This country was badly served by Fianna Fáil in 1956/57 when they condemned the inter-Party Government for their failure to proceed with the building of new houses, reconstruction of houses and local authority housing schemes. I do not intend to go over the figures because Deputy O'Donnell has given them, but when comparison is made between the amount of money voted by the inter-Party Government in their period of office and the amount of work done then and the amount voted today and the amount of work being done now, Fianna Fáil do not occupy a happy position.
I appeal to the Minister to see to it that the local merchants and contractors will no longer have to act as bankers and that the Department will pay quickly the initial grant and the final grant for the building and reconstruction of houses. The old saying is true—those who give quickly give twice. It is of great advantage if money is paid when it is due. Delay in payment reduces the value of a scheme. Prompt payment doubles the value.
Mr. MacCarthy: Wonderful improvements have been made in the roads over recent years. There may be some criticism that work on the main roads has been too ambitious and it may be suggested that it might have been better to meet local needs on those roads through immediate work schemes while providing opportunities for further development.
County roads put a great claim on local authorities by reason of the fact that in some places branch railway lines have been closed and the traffic on the roads has increased. The vehicles which carry farm produce and fertilisers require wider and better maintained roads than some of the roads that existed in rural areas. A great change has taken place and all the local authorities and the Department of Local Government can be congratulated on the splendid condition of the roads through the country generally. Special grants were provided for tourist roads which helped to give employment in remote areas and to open up the scenic beauties of our coastline for the enjoyment of our own people and tourists.
There is one branch of road work which perhaps is not receiving sufficient  attention. I refer to bridges which in most cases are narrow and inadequate for the traffic they have to take. Where a bridge runs at an acute angle to the approach road, accidents may happen. There are many bridges over rivers which are not adequate to take flood waters. In attending to bridges, a double purpose would be served. Traffic would be facilitated and the danger of accidents obviated and flood waters would not be obstructed.
 Reference has been made to the Local Authorities (Works) Act. For many years I was on the same county council as the late Deputy Murphy and in co-operation with all the members of that council, we continually directed attention to the fact that sections of road were being flooded and council property was in danger from flooding. It was suggested that some scheme should be worked out to alleviate the situation, and much good work was done. However, when that work was extended to streams and farm lands very often flooding was caused from the diversion of the water because the schemes were not in some cases adequate. That is a problem that remains to be solved.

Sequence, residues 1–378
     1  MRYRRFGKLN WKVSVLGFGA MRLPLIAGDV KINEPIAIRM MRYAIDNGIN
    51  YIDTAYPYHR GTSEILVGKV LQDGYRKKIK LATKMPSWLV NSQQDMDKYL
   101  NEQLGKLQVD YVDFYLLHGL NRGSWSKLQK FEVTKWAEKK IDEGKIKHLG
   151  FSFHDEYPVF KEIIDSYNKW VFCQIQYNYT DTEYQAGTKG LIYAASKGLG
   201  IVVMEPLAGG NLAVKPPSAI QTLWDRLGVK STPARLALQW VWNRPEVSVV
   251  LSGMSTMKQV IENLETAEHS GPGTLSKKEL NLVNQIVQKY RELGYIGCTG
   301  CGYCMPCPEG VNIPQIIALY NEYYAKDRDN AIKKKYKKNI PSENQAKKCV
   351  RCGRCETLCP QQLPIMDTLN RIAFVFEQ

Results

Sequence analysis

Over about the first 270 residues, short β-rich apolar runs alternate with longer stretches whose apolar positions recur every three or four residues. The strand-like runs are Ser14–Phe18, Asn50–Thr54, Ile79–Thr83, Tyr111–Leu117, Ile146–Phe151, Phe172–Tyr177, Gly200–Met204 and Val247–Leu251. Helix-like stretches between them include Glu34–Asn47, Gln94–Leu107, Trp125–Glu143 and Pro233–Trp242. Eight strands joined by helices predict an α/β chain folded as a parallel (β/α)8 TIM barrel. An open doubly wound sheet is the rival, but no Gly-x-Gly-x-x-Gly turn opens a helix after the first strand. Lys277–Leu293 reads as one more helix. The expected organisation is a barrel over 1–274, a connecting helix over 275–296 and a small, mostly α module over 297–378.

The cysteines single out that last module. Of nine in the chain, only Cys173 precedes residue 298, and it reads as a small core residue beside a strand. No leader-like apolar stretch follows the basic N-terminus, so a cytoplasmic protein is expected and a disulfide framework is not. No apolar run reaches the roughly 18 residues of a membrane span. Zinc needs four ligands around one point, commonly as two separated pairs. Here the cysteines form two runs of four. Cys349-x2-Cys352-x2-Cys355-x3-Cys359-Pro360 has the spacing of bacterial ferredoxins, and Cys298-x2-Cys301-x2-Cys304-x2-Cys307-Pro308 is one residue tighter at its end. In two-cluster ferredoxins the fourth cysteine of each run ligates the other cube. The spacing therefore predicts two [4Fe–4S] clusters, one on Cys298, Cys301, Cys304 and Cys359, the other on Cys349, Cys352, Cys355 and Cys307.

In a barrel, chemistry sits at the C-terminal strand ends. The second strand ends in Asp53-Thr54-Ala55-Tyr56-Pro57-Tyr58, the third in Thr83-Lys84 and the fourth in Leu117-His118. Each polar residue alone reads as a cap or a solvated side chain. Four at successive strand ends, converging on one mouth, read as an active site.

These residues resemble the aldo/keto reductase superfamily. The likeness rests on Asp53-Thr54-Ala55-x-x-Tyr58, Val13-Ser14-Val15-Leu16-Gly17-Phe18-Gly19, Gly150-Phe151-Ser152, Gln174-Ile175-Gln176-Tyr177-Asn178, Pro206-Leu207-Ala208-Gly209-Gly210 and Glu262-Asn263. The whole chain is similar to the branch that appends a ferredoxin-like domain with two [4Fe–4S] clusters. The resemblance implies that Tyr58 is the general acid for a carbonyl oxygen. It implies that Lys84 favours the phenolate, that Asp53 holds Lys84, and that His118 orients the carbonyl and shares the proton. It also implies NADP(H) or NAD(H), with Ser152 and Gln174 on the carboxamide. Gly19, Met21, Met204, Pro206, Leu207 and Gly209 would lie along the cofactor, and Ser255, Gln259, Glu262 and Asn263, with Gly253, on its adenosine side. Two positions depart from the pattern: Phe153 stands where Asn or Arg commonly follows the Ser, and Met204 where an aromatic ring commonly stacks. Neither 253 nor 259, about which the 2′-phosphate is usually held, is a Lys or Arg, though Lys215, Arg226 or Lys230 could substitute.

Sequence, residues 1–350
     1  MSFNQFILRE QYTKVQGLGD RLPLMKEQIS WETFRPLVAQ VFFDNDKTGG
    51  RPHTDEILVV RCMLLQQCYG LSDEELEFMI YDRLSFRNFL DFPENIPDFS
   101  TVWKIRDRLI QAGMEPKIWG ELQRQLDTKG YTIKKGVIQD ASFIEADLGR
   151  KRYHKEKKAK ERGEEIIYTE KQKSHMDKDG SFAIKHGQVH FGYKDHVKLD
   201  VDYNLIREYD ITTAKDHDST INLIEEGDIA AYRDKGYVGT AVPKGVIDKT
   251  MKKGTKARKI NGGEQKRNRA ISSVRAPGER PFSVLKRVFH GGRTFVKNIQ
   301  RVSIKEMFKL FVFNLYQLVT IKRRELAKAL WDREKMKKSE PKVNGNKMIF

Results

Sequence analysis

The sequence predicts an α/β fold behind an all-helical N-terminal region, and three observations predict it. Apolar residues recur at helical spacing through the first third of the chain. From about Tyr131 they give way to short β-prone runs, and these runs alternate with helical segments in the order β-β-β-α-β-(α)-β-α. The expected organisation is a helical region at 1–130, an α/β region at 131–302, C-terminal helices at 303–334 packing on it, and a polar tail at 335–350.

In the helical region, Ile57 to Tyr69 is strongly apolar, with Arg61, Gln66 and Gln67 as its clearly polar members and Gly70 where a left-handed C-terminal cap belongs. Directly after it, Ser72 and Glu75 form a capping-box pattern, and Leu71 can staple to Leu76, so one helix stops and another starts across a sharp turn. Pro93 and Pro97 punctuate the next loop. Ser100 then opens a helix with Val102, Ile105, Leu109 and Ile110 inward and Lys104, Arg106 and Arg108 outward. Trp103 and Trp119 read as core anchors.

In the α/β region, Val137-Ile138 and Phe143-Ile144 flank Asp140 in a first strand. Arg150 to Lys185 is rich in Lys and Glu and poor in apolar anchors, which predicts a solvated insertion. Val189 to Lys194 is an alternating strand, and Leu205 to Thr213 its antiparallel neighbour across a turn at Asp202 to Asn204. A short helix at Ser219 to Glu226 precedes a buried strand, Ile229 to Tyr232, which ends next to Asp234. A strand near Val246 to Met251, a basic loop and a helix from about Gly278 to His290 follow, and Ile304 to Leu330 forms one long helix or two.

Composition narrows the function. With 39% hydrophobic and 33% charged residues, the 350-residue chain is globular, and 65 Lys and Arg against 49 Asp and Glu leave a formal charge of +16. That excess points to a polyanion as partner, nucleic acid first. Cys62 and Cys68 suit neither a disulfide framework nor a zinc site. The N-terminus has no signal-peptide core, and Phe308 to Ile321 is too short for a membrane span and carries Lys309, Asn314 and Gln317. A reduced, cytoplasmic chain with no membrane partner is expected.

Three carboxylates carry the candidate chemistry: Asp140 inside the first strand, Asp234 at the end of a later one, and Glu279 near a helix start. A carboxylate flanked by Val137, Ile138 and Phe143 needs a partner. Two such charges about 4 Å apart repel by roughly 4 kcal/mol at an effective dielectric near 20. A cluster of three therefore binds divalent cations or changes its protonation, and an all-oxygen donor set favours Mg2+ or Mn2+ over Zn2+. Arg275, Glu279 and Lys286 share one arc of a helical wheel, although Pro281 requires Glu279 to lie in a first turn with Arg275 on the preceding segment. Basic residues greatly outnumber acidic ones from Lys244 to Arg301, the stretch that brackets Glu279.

While it does not come under the Minister's jurisdiction, the clearing of what we may call primary streams going into the sea would help to give more regular employment to those working in rural areas. It is always a problem for the local authorities as to the amount of money available to give employment to their workers, but it is a bigger problem for the worker himself when, perhaps, at Christmas time the funds run out and he is put on the unemployed list at the very time when he should be enjoying in some measure the fruits of his year's work.
Some Deputy referred to a liaison between the Department and public authorities. That is very necessary if we are to give regular employment in the rural areas. Sometimes there are roads which are at times of questionable general public utility but which certainly are roads needed for the people residing on them, perhaps culs-de-sac going towards the sea or towards the hills and mountains. When they are improved and public money is spent on them, they should be taken over immediately and maintained by the county council so that they will not deteriorate to such an extent that major works are needed on them. All these schemes brought together would help to provide continuous employment in the rural areas.
Reference was made to the clearing  of hedges which would be of advantage both to the roadways themselves and the dykes so that proper drainage may take place and to the fact that sometimes it is difficult to get the landowner to cut the fences. The county council and the public authorities should certainly do their own side of the fence and perhaps a little bit more. As well as being of general advantage, that would be of advantage to tourists travelling around the country. These arteries of trade and commerce are being looked after very creditably. If that work continues on the same lines, in a short period we shall have a satisfactory road system and more attention can be paid to the by-roads leading to remote farmhouses, cottages and so on.
Housing is a tremendous problem for local authorities. For example, 1,000 houses at, say, £1,750 will mean an expenditure of £1,750,000 and be a very big responsibility for the local authority. Even with the one-third subsidy paid, there remains £1,250,000 as an obligation on the local authority. When a local authority builds 5,000 or 6,000 houses, as has been done, there is the problem of the debt for the loan and interest charges. Our local authorities are becoming landlords of a tremendous amount of property and I would recommend that we should have more schemes whereby tenants could purchase their houses and become owners thereof in due course.